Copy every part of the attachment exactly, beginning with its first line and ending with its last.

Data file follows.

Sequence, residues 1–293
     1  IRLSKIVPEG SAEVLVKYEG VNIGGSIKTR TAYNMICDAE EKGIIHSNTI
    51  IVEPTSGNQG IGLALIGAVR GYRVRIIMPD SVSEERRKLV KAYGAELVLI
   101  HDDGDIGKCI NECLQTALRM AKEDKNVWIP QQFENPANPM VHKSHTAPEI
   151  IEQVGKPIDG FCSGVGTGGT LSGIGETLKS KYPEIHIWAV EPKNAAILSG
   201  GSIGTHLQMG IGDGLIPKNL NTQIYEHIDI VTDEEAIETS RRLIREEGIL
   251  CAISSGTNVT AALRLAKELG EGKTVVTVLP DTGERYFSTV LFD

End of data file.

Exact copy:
Sequence, residues 1–293
     1  IRLSKIVPEG SAEVLVKYEG VNIGGSIKTR TAYNMICDAE EKGIIHSNTI
    51  IVEPTSGNQG IGLALIGAVR GYRVRIIMPD SVSEERRKLV KAYGAELVLI
   101  HDDGDIGKCI NECLQTALRM AKEDKNVWIP QQFENPANPM VHKSHTAPEI
   151  IEQVGKPIDG FCSGVGTGGT LSGIGETLKS KYPEIHIWAV EPKNAAILSG
   201  GSIGTHLQMG IGDGLIPKNL NTQIYEHIDI VTDEEAIETS RRLIREEGIL
   251  CAISSGTNVT AALRLAKELG EGKTVVTVLP DTGERYFSTV LFD